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John Moores wants NFL football team in Anaheim

Steve Peace helps 3M with Calif. reflective license plates

— Papers in Los Angeles and Orange County are full of news that Padres owner John Moores is scouting about for a new stadium in Anaheim. Not for the Padres, but for a National Football League expansion team that Moores hopes to bring to the Mickey Mouse city. According to reports in both the L.A. Times and the Orange County Register, Moores has approached the NFL about a new team for Anaheim and has even offered to put up most of the money for a new stadium. "I think Moores is serious about being an NFL owner, and I think Moores is serious about looking at Anaheim," Anaheim mayor Tom Daly told the Times a week ago Tuesday. "Are we recruiting any existing teams? The answer is no," Daly said. "That could change." According to the reports, Moores is going over a list of prospective stadium sites, including one close to the Disney-owned Arrowhead Pond, where the company's hockey team plays. "If we have a person who is truly serious about owning an NFL team and wants to finance a stadium in Anaheim and bring a team here, then I think there are many possibilities available," Daly is quoted as saying. The Times concludes: "While it is unlikely Moores could complete plans for stadium design and construction in less than a month, he is an ideal owner for the NFL, which forbids corporate ownership but embraces business mavericks." An NFL spokesman confirmed that Moores had been talking to the league but would offer no details. Despite all the talk in L.A., the Union-Tribune has remained silent on the matter, apparently hoping not to stir up new controversy about Moores and his taxpayer-financed sweetheart deal to build a baseball stadium in downtown San Diego ... A sportswriter for the Las Vegas Review-Journal wants the Padres to sell off its Vegas farm team, the Stars. "As far as I'm concerned, the Stars can't change their affiliation fast enough," writes Joe Hawk. "To use the parlance of our Jerry Springer-ized culture, they need to kick the San Diego Padres to the curb. Without so much as a goodbye handshake." Hawk's beef: not enough seasoned players. "In the case of the undermanned Stars, what additions grudgingly allowed this season by the Padres came too little, too late."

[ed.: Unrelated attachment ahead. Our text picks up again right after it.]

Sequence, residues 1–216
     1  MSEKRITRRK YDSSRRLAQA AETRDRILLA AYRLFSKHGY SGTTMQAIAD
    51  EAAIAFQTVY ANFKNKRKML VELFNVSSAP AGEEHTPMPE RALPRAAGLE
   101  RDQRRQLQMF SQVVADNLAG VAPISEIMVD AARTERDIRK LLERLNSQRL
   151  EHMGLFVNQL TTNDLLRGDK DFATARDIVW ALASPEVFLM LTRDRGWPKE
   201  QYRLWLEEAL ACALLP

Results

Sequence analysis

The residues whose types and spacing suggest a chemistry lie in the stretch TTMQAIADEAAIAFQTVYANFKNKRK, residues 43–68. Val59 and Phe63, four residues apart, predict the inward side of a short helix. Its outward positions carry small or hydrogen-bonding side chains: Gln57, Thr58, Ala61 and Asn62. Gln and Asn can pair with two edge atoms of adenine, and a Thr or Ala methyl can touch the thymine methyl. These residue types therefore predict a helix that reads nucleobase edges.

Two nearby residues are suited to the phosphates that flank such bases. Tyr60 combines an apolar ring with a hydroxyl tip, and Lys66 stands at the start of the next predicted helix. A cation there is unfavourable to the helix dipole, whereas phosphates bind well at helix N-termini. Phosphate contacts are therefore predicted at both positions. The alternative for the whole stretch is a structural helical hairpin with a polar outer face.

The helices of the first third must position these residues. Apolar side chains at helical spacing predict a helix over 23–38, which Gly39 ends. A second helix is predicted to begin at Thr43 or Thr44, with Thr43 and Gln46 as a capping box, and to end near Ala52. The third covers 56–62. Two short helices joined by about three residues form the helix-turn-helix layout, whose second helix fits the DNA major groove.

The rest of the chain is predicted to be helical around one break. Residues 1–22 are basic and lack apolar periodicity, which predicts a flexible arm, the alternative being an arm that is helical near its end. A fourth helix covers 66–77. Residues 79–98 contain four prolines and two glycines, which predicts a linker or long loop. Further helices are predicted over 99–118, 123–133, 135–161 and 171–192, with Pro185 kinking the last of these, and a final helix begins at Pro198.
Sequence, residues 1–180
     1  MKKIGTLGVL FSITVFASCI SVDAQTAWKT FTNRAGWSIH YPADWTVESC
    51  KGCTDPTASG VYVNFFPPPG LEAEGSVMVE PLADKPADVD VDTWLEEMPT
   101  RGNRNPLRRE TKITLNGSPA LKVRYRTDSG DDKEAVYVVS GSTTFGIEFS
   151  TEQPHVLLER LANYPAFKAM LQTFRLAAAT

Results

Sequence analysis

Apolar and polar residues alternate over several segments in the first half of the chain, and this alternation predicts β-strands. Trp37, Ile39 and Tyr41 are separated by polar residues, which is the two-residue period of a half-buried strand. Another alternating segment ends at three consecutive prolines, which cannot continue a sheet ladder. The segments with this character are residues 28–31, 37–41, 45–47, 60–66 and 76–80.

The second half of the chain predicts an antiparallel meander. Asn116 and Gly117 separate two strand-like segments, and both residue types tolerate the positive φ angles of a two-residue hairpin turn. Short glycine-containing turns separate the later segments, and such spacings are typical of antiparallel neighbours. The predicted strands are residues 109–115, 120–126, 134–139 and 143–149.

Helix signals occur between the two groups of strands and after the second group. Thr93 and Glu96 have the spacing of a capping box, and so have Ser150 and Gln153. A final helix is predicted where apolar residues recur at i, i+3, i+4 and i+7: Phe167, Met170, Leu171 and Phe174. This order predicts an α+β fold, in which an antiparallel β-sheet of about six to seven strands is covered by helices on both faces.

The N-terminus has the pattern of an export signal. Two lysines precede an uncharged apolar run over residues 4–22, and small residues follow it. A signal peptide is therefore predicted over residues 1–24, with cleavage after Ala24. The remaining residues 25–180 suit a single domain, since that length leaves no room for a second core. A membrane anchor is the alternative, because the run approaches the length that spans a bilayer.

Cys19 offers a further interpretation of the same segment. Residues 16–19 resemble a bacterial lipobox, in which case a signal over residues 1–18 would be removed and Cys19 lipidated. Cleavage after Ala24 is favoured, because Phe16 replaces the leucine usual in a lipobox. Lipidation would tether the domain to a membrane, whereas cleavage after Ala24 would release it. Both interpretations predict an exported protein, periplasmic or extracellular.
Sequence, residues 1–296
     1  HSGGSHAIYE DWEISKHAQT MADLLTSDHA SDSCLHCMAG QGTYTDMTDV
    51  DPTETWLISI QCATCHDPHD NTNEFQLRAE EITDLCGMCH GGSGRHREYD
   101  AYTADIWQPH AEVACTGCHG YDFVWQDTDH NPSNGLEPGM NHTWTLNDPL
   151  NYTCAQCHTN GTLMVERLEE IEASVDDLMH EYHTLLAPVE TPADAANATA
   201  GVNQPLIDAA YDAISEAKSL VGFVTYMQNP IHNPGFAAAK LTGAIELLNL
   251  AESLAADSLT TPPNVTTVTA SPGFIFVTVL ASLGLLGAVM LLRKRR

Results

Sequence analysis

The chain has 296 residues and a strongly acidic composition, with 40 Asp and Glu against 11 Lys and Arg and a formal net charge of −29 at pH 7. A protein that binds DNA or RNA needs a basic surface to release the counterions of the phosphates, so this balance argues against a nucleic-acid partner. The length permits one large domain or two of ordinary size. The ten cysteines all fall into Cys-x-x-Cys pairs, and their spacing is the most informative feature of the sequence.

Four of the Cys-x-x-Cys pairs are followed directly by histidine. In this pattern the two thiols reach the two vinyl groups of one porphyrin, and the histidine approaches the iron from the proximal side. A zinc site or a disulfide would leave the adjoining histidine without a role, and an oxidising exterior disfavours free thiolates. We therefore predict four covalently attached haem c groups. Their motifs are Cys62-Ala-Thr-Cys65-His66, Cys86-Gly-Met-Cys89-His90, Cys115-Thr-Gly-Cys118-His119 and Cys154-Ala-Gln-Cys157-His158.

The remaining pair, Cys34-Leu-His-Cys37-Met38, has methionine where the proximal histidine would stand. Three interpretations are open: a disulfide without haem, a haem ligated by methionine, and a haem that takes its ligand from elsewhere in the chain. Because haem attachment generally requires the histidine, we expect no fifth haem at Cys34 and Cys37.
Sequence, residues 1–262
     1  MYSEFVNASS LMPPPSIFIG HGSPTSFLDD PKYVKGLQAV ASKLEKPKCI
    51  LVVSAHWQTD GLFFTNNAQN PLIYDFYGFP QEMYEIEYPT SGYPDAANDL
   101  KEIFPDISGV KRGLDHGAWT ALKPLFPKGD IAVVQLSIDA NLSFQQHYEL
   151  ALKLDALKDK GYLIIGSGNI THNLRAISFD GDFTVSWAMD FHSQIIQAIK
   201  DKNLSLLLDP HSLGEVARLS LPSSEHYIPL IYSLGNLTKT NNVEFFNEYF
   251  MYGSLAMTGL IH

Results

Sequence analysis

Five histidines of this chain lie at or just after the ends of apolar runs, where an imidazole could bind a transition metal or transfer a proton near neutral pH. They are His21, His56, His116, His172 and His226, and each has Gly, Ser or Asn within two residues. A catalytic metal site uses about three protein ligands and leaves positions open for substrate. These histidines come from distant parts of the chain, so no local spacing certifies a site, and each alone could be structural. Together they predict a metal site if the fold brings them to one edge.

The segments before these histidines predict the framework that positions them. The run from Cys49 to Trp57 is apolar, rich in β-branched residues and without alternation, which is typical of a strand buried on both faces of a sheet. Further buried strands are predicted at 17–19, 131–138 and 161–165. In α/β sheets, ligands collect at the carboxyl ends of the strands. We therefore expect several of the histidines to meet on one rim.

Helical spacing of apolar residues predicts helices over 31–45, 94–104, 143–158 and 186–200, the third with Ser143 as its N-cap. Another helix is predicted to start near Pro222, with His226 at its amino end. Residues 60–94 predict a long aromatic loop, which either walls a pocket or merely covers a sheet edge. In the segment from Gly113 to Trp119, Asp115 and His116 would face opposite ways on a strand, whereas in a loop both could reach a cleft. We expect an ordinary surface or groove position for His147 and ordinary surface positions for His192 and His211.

Anchors Away

Two more TV anchor types are said to be heading to San Diego. Michael Tuck, once the bane of San Diego's then-police chief, now sheriff, Bill Kolender, has been fired from his longtime gig at KCBS in L.A. He told the L.A. Times he's coming back down the coast to his old stomping grounds. Back in 1991, a report by the state attorney general alleged that a rogue narcotics unit working out of SDPD had sex with informants, handed out drugs, mixed up evidence, and launched a drug investigation into Tuck, who was a frequent critic of the department's policies and practices under Kolender. The anchorman was never charged with wrongdoing, though the Union-Tribune reported that "vice detectives had investigated allegations that Tuck dated an underage girl and brought her into a bar"... Pittsburgh's Estha Trouw is said to be leaving her weekend anchor beat at WPXI and heading here too.

Lobbyists at Peace

San Diego's own Democratic state senator Steve Peace is making waves once again. A close friend of the electric utility lobby, Peace has now gone to bat for the giant 3M Company, maker of reflectorized license plates. So reports Sacramento Bee columnist Dan Walters. Peace has introduced SB 698 to "require that every license plate on every vehicle in California -- that's upwards of 50 million plates in all -- be replaced by newly designed reflectorized plates by 2005. A motorist could keep his old plates only if he paid a hefty extra registration fee." Walters says the action would cost state motorists $98 million, "a considerable chunk of which would go to 3M." Concludes Walters: "Not surprisingly, the Legislature is so far sanctioning this money grab in response to lobbying pressure."... Other San Diego legislators were featured in a San Francisco Examiner story last week about $1000-a-plate political fundraisers. "Notice how everybody makes the rounds of all the fundraisers," Senator Dede Alpert (D-Coronado) told the paper. "Naturally, we try to keep them close to the state capitol."